The hopeful signs with which tick . . . tick . . . BOOM! is bursting, in contrast, are almost its most painful aspect. How can you relish a fresh, youthful musical about the pain of turning 30, by an artist who you know didn’t live to be 40? The tears begin at the beginning, but they don’t stop when you come to the end. To make matters worse, Raul Esparza, who plays the lead with an easy, hapless charm, doesn’t particularly resemble Jonathan Larson but has Larson’s exact eager-yet-weary look in his eyes.
The hero of tick . . . tick . . . BOOM! is a songwriter with Broadway ambitions and a passion for rock, an idiom that he knows the Big Street only speaks with a bubblegum Brit accent. Turning 30, he wonders if he should give it up like his best friend and settle for market research; his dancer girlfriend wants him to settle down with her in some small town. In addition, his agent has become increasingly unreachable, the upcoming workshop of his new show seems to be a mess, and he imagines that he hears a persistent slow ticking, culminating in explosions that come ever closer. Anyone whose lips just formed the words “aortic aneurysm,” please leave the room. This is not about medical hindsight.
Except that, of course, it is. tick . . . tick . . . BOOM! is delightful, and funny, and flawed, full of the shortcomings of youth and the overinsistence of young artists who haven’t yet begun to search out subjects beyond themselves. It has a brash vivacity and an artlessness that are in some ways more appealing than the complex struggles with plot and character that mark Rent. But Rent itself, really, was only a first strong step in a career that ceased to happen even before the show had been publicly performed. In this respect, tick . . . tick . . . BOOM!, being much more openly autobiographical, is that much more painful.
Larson was bold—brazen, even—in building songs out of his personal crises. Rock troubadours do it, but it isn’t common in the musical theater. He liked taking chances; witness the way he pulled apart the dramaturgic structure of La Boheme precisely because it was famous for working so well. tick . . . tick . . . BOOM! has a song about a green dress, and the suspicion crossed my mind that he may have written it just because somebody told him that it’s considered unlucky to wear green onstage. One of the show’s most endearing numbers is a hymn to the pleasure of bingeing on sweets when under stress, its lyrics cunningly phrased to make it marketable as a love song outside the score.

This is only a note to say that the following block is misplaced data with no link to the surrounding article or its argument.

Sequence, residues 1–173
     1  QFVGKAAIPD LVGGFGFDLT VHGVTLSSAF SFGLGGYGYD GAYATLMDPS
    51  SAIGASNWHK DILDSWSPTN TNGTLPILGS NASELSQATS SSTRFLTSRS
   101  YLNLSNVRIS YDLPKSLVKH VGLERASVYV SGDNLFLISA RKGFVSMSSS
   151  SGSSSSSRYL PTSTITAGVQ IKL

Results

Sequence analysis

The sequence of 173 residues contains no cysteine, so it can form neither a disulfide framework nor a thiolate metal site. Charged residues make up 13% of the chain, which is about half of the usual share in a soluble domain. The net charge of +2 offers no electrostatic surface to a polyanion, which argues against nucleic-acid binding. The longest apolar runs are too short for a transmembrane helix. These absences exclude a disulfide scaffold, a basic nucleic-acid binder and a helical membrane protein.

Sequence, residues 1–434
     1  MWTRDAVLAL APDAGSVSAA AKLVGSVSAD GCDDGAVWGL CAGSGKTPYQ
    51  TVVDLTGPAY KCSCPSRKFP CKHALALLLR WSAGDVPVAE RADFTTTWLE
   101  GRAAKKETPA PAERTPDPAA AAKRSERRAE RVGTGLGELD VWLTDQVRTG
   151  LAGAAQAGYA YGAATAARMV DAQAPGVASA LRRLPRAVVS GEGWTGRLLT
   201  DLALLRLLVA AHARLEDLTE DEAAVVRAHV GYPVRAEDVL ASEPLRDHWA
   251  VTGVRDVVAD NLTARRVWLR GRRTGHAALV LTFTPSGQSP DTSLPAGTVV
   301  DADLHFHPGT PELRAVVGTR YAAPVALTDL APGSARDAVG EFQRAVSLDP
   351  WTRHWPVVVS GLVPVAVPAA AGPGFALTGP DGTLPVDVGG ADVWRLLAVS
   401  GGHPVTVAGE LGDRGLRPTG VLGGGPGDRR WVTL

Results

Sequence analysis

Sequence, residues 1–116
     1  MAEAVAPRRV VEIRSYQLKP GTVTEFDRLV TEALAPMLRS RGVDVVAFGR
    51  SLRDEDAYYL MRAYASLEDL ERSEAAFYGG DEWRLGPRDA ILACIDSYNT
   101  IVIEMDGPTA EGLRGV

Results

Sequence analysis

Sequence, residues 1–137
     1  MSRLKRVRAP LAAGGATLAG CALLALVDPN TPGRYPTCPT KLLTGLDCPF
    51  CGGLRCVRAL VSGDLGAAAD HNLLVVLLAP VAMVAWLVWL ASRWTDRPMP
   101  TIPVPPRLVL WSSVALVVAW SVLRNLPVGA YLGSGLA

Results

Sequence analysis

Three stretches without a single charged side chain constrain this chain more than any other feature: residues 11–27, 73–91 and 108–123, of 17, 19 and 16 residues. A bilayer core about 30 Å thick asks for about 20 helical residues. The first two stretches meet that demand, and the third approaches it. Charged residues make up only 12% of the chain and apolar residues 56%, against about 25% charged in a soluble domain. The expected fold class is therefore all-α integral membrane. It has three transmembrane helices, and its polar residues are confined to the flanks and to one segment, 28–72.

For all tick . . . tick . . . BOOM!‘s unwitting prefigurations of Larson’s unhappy fate, it has an irrepressible optimism, taking its hero’s most painful confrontations as subjects for wry comedy, not for moans. At the end, when Esparza’s Jonathan, surrounded by an unseen crowd of partying friends, sits at the keyboard to play “Happy Birthday” to himself, it’s history, not the show, that makes us cry. The best compliment one can pay to Scott Schwarz, who directed, and to the three-member cast, in which Amy Spanger and Jerry Dixon give Esparza strong, resourceful support, is that the whole thing is carried on as blithely as if the author were here to see it. Since we’ll never see his post-Rent musicals, we’d best share their delight in this one.
Speaking of shared delight, I plan to write at length next week about Irving Berlin’s Watch Your Step; the limited space I have left here is only enough to recommend that you catch its extremely limited run. If for some arcane reason you were planning to see Byrd’s Boy, at Primary Stages, you can use the evening you might have wasted on that earnest, static, and entirely skippable event. I don’t blame the actors, Myra Lucretia Taylor and David McCallum, who do their skillful best. But why they should bother—why anyone should have bothered to write, direct, or produce this pointless lump of sententiousness and sentimentality—is a puzzle even harder to explain than Destiny.